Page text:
Readers write: cities for elites; Clinton's energy policy; small joys

Letters to the editor for the Oct. 12, 2015 weekly magazine.

Courtesy: Eko Atlantic
An artist's rendering shows one of the entrances to Eko Atlantic, a private city being built south of Lagos, Nigeria, at a cost of $6 billion.

Cities for elites only
I was extremely disappointed in the Monitor’s Sept. 21 cover story, “Rise of the insta-city.” The story posed these “new” city developments as a positive development without regard to the larger story. These developments are really just exclusive enclaves for rich and powerful elites to wall themselves off from the larger problems of their societies, problems that these very elites have contributed to creating. These enclaves allow the elites to leave the rest of the people to live in poverty, dust, and despair.

Especially in Nigeria, many of the super rich have gotten that way through graft, corruption, and the exploitation of their nation’s wealth. It would be much better if the resources intended for these so-called insta-cities were spent on providing schools, health systems, and other needed infrastructure development.
Steven Prochter
Redwood Valley, Calif.

Clinton’s emerging energy policy
Regarding the Sept. 23 online article “Hillary Clinton opposes Keystone XL, but is it already dead?” (CSMonitor.com): Although Hillary Clinton was slow to state her position on the Keystone XL pipeline, she is spot on in relegating the controversial pipeline to a relatively low place in the scheme of energy matters. It is just a symbol, although a powerful one, of the critical debates and decisions that lie ahead. Without making promises that will be impossible to deliver, Mrs. Clinton shows a broad and fairly deep understanding of complex energy issues and the urgency of meaningful action on climate change.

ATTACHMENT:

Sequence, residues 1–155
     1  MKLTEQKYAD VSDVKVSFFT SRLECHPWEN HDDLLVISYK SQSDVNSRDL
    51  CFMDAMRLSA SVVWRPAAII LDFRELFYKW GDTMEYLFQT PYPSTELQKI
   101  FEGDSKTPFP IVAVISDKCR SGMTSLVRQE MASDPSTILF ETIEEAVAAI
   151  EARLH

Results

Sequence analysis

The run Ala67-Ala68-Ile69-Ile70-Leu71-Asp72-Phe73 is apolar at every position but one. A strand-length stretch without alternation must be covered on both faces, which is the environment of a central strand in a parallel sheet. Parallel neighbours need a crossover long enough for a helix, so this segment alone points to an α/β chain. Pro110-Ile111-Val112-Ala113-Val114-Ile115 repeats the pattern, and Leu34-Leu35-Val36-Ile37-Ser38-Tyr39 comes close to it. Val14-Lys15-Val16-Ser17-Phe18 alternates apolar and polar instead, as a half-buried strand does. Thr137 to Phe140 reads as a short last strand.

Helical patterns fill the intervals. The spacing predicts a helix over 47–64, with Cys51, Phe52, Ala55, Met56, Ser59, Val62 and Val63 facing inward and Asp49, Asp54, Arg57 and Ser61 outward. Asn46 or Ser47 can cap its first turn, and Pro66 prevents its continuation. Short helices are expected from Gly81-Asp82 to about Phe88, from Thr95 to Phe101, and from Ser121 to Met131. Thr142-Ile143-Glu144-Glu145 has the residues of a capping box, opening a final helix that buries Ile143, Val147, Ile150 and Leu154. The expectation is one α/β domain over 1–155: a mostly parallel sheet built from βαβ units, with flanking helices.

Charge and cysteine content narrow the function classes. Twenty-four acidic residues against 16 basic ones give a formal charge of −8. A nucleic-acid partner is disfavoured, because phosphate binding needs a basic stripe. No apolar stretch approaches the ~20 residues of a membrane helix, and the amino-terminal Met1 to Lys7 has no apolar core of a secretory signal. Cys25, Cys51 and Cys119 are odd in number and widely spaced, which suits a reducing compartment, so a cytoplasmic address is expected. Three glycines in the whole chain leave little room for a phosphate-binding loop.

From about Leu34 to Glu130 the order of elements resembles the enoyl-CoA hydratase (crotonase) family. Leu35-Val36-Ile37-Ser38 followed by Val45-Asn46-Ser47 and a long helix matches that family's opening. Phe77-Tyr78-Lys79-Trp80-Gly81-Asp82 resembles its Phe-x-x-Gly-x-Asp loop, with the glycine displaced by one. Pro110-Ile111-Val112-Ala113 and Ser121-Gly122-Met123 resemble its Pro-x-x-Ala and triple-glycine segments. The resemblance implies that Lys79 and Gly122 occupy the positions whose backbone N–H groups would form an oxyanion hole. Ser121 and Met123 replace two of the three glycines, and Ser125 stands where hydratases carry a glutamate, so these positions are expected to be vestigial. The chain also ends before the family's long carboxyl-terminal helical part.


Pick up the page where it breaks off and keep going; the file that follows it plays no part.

Carol Steinhart
Madison, Wis.

Joy in the little things
I was so delighted reading the Sept. 14 Home Forum essay “Little big league.” Being someone who has worked with young children as a schoolteacher for 40 years I could so relate to what the author described.
Elizabeth Walling
Keyport, New Jersey

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Dear Reader,

About a year ago, I happened upon this statement about the Monitor in the Harvard Business Review – under the charming heading of “do things that don’t interest you”:

“Many things that end up” being meaningful, writes social scientist Joseph Grenny, “have come from conference workshops, articles, or online videos that began as a chore and ended with an insight. My work in Kenya, for example, was heavily influenced by a Christian Science Monitor article I had forced myself to read 10 years earlier. Sometimes, we call things ‘boring’ simply because they lie outside the box we are currently in.”

If you were to come up with a punchline to a joke about the Monitor, that would probably be it. We’re seen as being global, fair, insightful, and perhaps a bit too earnest. We’re the bran muffin of journalism.

But you know what? We change lives. And I’m going to argue that we change lives precisely because we force open that too-small box that most human beings think they live in.

The Monitor is a peculiar little publication that’s hard for the world to figure out. We’re run by a church, but we’re not only for church members and we’re not about converting people. We’re known as being fair even as the world becomes as polarized as at any time since the newspaper’s founding in 1908.

We have a mission beyond circulation, we want to bridge divides. We’re about kicking down the door of thought everywhere and saying, “You are bigger and more capable than you realize. And we can prove it.”

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